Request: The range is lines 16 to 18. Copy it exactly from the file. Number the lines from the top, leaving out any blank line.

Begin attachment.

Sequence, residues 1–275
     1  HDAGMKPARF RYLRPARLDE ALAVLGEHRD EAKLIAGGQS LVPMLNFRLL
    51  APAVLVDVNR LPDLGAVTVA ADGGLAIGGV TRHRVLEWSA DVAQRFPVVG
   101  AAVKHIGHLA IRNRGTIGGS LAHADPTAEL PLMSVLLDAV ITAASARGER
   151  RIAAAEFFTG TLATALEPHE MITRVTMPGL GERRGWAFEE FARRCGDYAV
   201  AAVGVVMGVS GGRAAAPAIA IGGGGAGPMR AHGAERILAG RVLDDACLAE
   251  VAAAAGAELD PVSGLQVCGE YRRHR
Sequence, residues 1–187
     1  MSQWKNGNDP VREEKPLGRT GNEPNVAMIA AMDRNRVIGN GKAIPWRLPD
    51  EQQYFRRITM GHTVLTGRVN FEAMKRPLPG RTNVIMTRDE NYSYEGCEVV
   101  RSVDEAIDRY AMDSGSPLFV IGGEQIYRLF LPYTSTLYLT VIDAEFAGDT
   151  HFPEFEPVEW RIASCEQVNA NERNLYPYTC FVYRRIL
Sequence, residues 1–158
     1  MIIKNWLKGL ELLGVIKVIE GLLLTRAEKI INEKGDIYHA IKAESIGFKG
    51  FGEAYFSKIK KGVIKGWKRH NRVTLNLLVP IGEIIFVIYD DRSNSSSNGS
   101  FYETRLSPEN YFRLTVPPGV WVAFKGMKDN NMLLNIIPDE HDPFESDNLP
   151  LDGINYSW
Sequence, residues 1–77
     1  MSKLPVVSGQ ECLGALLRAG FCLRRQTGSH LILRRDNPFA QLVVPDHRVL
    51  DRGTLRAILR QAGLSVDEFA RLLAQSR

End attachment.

   101  FYETRLSPEN YFRLTVPPGV WVAFKGMKDN NMLLNIIPDE HDPFESDNLP
   151  LDGINYSW
Sequence, residues 1–77